How to Discipline Other People's Kids?

Last Sunday, I sat with a group of parents watching our nine-year-old daughters play the first basketball game of the season.


Next to us, a young boy, maybe five years old, sat playing on an iPod.  No headphones.  It was very loud.  It was very annoying.


His mom sat on his other side, oblivious, cheering for her daughter.


One of the dads leaned over to the young boy.  He asked  -- nicely, with a smile -- if the boy had headphones or could turn down the volume.


Before the boy could answer, his mom intervened.


“Next time, you can ask ME instead,” she said angrily.  She huffed and made a big deal of moving her son a few feet away from the dangerous parents. She did not ask her son to use headphones or turn down the volume.  The noise was still really annoying.


I was flabbergasted.  What was wrong with asking the boy to be considerate of others nearby? Clearly, in the mom’s mind, it was unacceptable for someone else to approach her child no matter how innocuous the criticism.


I spent the next hour wondering why it’s offensive to talk directly to a young child about unpleasant behavior, instead of going through his or her parents.


A few days later, my nine-year-old daughter came to me in tears after school.  My daughter has her first “boyfriend,” who is really just a boy who is a friend. It’s not as if they go out to clubs until midnight; I think they held hands after school once. We’ve known him since first grade; his parents and we agree this is an innocent, delightful, age-appropriate development.


What brought on my daughter’s tears was that a teacher told her it was inappropriate to have a boyfriend at her age.  That she couldn’t sit next to him during assemblies or at lunch.  That she wasn’t supposed to talk to him at recess.  The teacher made her feel so ashamed that she broke up with the boy that day.


This is my daughter’s version of events.  It may not be entirely accurate.  But since the teacher didn’t come directly to me, I have no idea what was said.


I found myself in the awkward position of being angry that the teacher went to my child with feedback about her behavior, instead of coming to me.


Just like the touchy mom in the basketball gym.




Maybe there is a difference between the two situations, I’ve since been asking myself.  Is there some kind of invisible guideline delineating when you should approach a child directly, and when it’s appropriate to talk to the parent instead?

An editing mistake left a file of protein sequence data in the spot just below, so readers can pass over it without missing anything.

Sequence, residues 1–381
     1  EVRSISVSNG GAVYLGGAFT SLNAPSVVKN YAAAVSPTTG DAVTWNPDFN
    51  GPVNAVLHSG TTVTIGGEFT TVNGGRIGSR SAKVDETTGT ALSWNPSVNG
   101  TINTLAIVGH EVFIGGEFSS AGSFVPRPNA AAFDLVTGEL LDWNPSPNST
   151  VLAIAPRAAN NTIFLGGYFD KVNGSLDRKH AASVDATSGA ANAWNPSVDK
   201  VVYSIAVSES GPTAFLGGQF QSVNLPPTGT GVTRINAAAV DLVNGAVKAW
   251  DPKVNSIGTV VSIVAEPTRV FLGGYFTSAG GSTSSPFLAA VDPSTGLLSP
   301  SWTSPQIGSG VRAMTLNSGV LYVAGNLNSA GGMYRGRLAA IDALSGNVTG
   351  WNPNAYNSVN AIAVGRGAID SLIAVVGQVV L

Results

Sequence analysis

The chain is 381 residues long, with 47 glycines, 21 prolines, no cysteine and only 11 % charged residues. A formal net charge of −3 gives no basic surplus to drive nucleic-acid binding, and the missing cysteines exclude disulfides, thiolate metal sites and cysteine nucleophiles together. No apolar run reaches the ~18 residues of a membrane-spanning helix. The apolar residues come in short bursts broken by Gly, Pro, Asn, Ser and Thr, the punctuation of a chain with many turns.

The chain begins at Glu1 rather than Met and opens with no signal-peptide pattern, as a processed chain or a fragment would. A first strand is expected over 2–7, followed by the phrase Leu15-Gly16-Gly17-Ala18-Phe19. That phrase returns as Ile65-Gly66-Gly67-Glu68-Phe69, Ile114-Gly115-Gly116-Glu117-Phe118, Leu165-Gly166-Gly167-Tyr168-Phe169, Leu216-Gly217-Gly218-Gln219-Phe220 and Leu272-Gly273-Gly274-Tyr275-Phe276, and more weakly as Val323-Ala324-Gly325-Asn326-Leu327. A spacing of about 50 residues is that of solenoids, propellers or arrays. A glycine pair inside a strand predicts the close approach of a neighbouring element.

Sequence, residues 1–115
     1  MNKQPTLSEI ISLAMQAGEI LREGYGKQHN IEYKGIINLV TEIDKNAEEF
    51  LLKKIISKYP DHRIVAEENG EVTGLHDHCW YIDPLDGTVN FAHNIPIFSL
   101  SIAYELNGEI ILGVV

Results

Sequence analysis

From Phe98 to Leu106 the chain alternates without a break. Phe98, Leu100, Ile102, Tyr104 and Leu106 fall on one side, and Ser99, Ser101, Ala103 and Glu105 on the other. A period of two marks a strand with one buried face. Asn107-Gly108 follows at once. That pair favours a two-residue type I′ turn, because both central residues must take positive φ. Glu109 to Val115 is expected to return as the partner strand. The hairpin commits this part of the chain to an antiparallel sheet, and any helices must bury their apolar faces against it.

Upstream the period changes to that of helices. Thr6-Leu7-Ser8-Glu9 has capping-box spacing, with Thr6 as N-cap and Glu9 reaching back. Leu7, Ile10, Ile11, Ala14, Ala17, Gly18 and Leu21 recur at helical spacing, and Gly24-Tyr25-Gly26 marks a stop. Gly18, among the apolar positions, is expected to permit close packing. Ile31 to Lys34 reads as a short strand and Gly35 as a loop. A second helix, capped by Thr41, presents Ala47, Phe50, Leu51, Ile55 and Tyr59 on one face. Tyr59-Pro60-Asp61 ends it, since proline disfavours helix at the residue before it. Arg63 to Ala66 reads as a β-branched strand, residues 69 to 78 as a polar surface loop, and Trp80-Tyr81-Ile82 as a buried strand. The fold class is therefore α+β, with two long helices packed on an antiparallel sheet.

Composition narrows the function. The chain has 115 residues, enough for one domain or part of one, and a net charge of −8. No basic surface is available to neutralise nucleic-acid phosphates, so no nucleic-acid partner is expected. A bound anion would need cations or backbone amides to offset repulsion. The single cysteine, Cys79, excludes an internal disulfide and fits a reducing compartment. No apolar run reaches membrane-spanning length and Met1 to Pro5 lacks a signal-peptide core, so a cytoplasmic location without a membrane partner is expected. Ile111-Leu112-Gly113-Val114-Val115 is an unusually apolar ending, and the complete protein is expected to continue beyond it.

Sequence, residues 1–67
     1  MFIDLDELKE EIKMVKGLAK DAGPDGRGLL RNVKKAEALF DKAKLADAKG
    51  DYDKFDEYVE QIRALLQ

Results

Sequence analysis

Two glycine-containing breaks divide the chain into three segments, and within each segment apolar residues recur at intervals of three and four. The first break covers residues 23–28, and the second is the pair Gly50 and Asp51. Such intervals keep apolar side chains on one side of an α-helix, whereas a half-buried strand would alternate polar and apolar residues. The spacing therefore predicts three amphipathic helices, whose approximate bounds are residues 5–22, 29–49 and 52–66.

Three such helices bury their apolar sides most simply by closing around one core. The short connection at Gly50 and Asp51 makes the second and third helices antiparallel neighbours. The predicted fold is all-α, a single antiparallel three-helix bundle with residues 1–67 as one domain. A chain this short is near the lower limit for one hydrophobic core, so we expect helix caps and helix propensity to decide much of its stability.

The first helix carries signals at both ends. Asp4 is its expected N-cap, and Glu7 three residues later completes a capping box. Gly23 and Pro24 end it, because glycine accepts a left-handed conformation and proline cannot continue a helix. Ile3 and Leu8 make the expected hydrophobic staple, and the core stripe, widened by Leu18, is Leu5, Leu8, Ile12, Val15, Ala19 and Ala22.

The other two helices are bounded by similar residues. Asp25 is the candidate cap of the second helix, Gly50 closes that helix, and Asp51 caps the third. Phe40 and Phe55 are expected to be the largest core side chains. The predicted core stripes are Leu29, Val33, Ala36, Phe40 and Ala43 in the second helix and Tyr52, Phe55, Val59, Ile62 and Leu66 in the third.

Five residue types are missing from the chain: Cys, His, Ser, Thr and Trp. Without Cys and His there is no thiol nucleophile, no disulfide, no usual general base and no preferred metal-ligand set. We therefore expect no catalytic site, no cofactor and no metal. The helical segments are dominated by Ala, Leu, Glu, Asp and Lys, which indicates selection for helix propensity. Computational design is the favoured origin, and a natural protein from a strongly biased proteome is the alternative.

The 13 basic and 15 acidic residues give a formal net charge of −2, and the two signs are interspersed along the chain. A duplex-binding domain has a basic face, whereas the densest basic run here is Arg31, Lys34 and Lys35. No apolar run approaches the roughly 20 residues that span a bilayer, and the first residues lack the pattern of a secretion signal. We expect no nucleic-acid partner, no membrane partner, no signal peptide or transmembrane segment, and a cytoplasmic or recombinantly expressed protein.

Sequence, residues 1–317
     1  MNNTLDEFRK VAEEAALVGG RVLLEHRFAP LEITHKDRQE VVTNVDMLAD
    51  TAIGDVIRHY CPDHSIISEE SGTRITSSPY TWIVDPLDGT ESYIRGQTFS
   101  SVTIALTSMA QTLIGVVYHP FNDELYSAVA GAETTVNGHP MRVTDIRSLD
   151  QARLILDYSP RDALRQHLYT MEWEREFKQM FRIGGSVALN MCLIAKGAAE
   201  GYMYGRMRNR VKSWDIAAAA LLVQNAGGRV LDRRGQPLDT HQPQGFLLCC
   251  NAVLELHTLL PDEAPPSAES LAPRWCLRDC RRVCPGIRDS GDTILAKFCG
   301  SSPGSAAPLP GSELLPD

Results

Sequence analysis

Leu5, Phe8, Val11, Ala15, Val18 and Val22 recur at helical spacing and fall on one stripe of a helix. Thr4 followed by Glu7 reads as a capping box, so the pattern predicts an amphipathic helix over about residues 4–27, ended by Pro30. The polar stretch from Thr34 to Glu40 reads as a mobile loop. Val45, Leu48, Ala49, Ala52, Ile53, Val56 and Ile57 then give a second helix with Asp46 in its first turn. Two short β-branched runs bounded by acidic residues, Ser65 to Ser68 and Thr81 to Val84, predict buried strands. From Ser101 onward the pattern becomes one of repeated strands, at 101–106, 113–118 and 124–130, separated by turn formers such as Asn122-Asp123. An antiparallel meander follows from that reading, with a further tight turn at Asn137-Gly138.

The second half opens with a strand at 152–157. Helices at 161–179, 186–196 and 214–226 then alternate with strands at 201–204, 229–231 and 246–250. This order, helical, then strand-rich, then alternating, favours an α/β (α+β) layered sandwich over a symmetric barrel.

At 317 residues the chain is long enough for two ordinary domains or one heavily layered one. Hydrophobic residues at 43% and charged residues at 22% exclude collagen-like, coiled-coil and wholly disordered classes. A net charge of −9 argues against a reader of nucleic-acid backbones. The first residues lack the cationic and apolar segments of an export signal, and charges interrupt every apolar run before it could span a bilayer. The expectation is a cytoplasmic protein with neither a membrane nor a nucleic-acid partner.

There are two debates at play, in my view.


The first: “it takes a village to raise a child” vs. the alternative “it’s none of anyone’s business how others raise their children.”



I think that a 5 year old watching an iPod does not constitute bad behavior. He probably doesn't know better because no one has ever told him it was rude. Also, I can kind of see where the mother was coming from. Most sporting games are usually loud anyway and she probably figured it would keep her son occupied so she could watch the game. Who hasn't been there? It's not like she was at a nice restaurant allowing it. Can those things be distracting and obnoxious? Hell yeah they can be! But really, the father should have said something to the mother. It wasn't anything serious or dangerous that needed immediate reprimanding. If he would have asked the mother directly and nicely, she most likely would have had him turn it down so EVERYONE would have benefited from it.


I have no problem approaching other adults about anything...even the poor behavior of their children..nor would I be affronted if my child was misbehaving and another adult pointed this out to me. That isn't the issue here. The problem revolves around parents who are physically present, but completely absent mentally and socially when it comes to attending to their child's behavior. I think it's "weird" when parents ignore their children, no matter the ages, and allow them to engage in rude, obnoxious, disturbing activities while they, the parental units, talk on their cell phones, play Angry Birds, have conversations with friends or all of the above simultaneously. It's even "weirder" when said parents are asked to DO something about said child's behavior, and become infuriated because A) you dared to ask them to actually do their job, and B) you dared to cast aspersions on their precious-darling-love.
I don't see one thing wrong with asking a child to stop a rude behavior. What in the world is confusing, disturbing or traumatic about that? Maybe at two years old the child might not understand...but at five, he ought to be able to know that an adult at a sporting event politely asking him to turn down his iPod is NOT Mr. Stranger Danger (if he does think so, he has been made into a paranoid wreck by parents who believe that the perverts really are behind every bush...not in the family tree).


I think it depends largely on the situation...but I'm also not one of those people who will tolerate inattentive parents and the results: spoiled, intrusive, obnoxious kids. At the pool last summer, a group of kids were hurling a hard rubber ball around. It hit me twice. The parents were right there. I asked them, politely, if they could take the activity a bit farther away (we have an enormous public pool). They ignored me. The lifeguards tried, and were also ignored. I finally lost patience, and told a boy of about 10, "Do NOT hit be with that damned ball again". THEN mama reared her ugly head and became furious that I had spoken rudely to her darling. I pointed to the red mark on my face where the ball had just hit me for the third time and asked her, quietly, if she really wanted to make an issue of it. They all left in a huff. I got a round of applause.
I've been run into by kids wearing "Heelies" at the mall, and screamed at by parents for telling their kids to watch where they're going. A friend of my son's (who is no longer welcome in my house) called his mother a "stupid cow" and was so unspeakably rude to her at my home while she silently allowed his behavior (in front of my son) that I told him he couldn't talk to his mother, or any adult, like that while he was on MY property.